Congress is poised to dramatically expand the law that makes it a crime to out some “covert agents” of the U.S. government, a mistake that would have unintended and undesirable consequences not only for the American press but for the U.S. intelligence community as well.
Enacted in 1982 after six years of debate, the Intelligence Identities Protection Act criminalizes the disclosure only of agents whose overseas work means they would be in physical or legal jeopardy were they identified publicly. But a bill passed by the House of Representatives this week would expand the law to cover any intelligence officer, employee, informant, or agent — overseas or not.
Critics of the expansion, which was proposed by the CIA, have focused so far on the threat it poses to the press. The 1982 law was controversial because it does not exempt those people who, like journalists, haven’t taken the government’s oath of secrecy. But a special provision intended to limit the law’s applicability to non-government people says they may only be charged under the law if their disclosure is part of a “pattern of activities” intended to expose covert agents and impede U.S. foreign intelligence activities. By contrast, that limit does not apply to those who have sworn an oath to secrecy, who may be charged if they merely “intentionally” disclose information they know identifies an agent.
The proposed expansion, therefore, may pose its biggest threat to transparency and accountability by dissuading intelligence agency sources and whistleblowers from going public with information about misconduct or even threats to the agencies themselves, like moles.
Under current law, insiders in the intelligence agencies would only be exposed to IIPA liability were there some overseas nexus to the outing. For intelligence officers and employees, the law requires that they be posted overseas currently or at some point in the last five years. For U.S. citizen agents and informants, they must be posted overseas at the time of disclosure.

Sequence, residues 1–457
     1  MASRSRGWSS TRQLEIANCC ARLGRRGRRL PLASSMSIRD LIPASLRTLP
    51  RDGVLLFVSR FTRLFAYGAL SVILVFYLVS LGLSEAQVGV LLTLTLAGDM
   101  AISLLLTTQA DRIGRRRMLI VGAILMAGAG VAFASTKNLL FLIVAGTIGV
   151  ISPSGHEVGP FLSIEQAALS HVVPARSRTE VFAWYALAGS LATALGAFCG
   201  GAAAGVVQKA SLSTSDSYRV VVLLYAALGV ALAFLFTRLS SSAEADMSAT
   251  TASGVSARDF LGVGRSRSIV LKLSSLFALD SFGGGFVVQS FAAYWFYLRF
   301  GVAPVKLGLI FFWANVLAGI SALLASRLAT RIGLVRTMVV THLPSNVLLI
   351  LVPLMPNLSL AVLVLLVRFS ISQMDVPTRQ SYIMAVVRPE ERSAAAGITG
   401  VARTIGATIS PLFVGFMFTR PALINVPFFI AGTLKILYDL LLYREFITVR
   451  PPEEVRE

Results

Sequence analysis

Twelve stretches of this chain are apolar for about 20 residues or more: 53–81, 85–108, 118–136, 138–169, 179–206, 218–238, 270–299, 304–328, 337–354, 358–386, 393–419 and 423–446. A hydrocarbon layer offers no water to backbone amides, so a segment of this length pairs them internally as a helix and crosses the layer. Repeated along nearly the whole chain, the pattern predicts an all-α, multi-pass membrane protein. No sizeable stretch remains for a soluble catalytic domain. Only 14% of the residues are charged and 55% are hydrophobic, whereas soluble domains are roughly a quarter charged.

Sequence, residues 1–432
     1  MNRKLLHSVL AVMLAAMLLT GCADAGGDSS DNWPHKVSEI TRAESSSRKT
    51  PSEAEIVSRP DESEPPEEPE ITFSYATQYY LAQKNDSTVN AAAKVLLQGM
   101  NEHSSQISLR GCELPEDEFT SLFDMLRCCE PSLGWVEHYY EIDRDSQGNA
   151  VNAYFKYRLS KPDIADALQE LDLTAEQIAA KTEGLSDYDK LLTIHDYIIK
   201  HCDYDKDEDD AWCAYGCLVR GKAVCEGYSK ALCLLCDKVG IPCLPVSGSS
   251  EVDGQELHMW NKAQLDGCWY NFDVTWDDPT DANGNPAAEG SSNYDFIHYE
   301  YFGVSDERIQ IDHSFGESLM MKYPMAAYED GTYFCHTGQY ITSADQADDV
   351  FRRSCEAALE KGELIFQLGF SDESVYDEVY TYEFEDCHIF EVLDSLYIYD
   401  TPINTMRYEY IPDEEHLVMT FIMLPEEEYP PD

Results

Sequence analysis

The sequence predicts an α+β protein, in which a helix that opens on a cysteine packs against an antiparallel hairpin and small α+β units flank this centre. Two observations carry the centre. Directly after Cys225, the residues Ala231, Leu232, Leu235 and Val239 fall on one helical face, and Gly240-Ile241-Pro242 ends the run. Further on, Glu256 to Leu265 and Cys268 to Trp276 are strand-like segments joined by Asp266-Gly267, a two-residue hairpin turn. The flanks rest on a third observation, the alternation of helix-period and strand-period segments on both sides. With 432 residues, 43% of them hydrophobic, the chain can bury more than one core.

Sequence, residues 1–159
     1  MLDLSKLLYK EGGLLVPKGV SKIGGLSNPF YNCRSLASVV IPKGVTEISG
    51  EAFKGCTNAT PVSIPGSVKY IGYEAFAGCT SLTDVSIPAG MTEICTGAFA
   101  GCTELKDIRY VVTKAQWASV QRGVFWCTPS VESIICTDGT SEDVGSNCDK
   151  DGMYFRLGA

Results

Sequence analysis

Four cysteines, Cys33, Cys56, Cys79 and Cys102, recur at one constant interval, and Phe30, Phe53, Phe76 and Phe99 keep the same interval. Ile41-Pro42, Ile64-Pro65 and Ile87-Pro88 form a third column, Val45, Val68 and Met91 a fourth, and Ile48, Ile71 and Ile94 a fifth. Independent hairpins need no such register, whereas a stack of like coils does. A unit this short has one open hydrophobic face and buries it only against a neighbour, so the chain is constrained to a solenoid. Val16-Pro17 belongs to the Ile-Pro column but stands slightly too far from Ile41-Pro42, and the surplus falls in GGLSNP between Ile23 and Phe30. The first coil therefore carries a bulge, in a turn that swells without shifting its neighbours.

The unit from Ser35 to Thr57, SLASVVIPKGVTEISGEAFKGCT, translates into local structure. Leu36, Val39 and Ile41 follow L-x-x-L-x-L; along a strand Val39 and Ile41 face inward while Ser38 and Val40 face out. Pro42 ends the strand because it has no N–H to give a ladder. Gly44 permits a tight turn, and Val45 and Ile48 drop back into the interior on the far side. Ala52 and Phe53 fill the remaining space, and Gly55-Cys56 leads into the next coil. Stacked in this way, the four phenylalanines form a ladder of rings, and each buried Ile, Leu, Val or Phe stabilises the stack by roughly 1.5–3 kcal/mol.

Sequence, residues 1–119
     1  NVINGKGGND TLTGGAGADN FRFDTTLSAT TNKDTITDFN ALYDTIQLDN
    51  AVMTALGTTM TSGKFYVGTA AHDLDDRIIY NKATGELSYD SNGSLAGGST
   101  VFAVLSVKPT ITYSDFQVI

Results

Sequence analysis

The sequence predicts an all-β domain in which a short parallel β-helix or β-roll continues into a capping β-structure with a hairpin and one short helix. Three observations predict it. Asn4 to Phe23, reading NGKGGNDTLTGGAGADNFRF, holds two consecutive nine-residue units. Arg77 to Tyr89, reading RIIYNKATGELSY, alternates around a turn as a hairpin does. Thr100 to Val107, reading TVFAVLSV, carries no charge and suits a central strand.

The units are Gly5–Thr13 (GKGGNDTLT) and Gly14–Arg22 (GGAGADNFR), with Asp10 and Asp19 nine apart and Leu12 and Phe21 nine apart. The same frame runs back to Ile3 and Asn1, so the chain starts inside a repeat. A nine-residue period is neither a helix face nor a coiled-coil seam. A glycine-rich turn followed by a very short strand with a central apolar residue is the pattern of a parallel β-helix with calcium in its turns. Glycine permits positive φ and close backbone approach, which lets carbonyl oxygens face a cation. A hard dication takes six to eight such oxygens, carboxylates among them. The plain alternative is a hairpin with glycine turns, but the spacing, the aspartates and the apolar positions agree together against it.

The CIA’s change would remove that nexus, meaning that intelligence agencies could criminalize the disclosure of the identity of an officer or agent in perpetuity, after they retire and even after they die, by maintaining the classification of their identity.
Were I a public affairs staffer at one of the agencies, I’d be looking twice at this proposed expansion. Though the “insider” provisions require that the individual doing the disclosing “know” that the information reveals the identity of a covert agent, there could be instances where seemingly harmless disclosures — for instance, to a reporter who has a name and is trying to confirm that person’s status as a covert agent — could trigger liability.
Indeed, one could see an instance where a reporter stumbled onto a story that could, unbeknownst to the reporter, create legitimate risk. It would be a violation of the law for intelligence personnel to confirm that agent’s status to convince the reporter not to write the story.
While public affairs personnel are unlikely to make such a mistake for highly sensitive covert agents overseas, where the risk to life and limb is obvious, the CIA, in particular, has had senior-level officials under classified cover, but who are well known as CIA officials, take leadership roles in the United States. In 2015, the New York Times decided to publish the names of three such officials in a story about targeted killing. Common interactions between public affairs personnel and the press on similar stories could likewise trigger the expanded law.
Lastly, the intelligence agencies may be comforting themselves that this expansion will not pose a risk given that they decide when to refer a violation to the Justice Department for prosecution. Put aside the inherent problem in that dynamic — that the CIA and other agencies can selectively use the law to punish “bad” disclosures while insulating disclosures that make the agencies look good — the expansion could backfire against agency personnel.
For instance, Zero Dark Thirty, a movie about the killing of Osama Bin Laden, was quickly politicized, with various members of Congress calling for investigations into leaks of classified information to the filmmakers. Those resulted in Pentagon and CIA inspector general investigations that found, among other things, that the leaks included the identities of senior special forces members and the leakers were senior CIA and Pentagon officials.
The Pentagon report resulted in a referral to the Justice Department for the disclosure to the filmmakers of the name of a special operations commander by Michael Vickers, the undersecretary of defense for intelligence and, at one time, a contender to replace General David Petraeus as CIA director. The Justice Department declined to take action, but the incident shows that the intelligence community won’t necessarily be in control of investigations or prosecutions for violations of the expanded act.
In 2012, Congress introduced a provision in the intelligence authorization act, the same bill carrying this IIPA expansion, that would have, among other things, limited when rank-and-file members of the intelligence community could talk to the media. However, Senator Ron Wyden, D-Oregon, put a hold on the bill out of concern the proposal would impact press freedom, and the intelligence community realized the bill could have unintended consequences for its work.
We would urge Congress to do the same again, in not insignificant part to give intelligence community lawyers the chance to take another look.